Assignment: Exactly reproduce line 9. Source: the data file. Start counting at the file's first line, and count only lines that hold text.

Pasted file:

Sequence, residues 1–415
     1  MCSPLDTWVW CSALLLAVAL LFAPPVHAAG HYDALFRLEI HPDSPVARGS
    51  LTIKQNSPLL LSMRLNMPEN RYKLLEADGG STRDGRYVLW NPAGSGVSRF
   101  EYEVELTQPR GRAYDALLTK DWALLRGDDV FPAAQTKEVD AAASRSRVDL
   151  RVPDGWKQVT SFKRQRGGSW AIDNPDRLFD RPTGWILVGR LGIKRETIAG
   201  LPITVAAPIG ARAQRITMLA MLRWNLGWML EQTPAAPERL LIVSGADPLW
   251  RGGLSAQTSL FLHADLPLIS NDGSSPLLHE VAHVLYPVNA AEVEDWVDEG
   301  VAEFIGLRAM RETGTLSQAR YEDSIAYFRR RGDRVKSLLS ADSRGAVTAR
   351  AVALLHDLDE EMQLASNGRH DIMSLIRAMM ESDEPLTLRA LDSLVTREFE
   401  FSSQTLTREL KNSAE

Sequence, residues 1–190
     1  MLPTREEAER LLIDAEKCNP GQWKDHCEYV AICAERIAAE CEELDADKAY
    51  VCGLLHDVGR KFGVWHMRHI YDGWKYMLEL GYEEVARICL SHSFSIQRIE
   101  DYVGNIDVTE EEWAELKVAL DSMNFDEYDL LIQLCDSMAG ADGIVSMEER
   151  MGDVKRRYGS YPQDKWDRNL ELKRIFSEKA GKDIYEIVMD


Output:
   351  AVALLHDLDE EMQLASNGRH DIMSLIRAMM ESDEPLTLRA LDSLVTREFE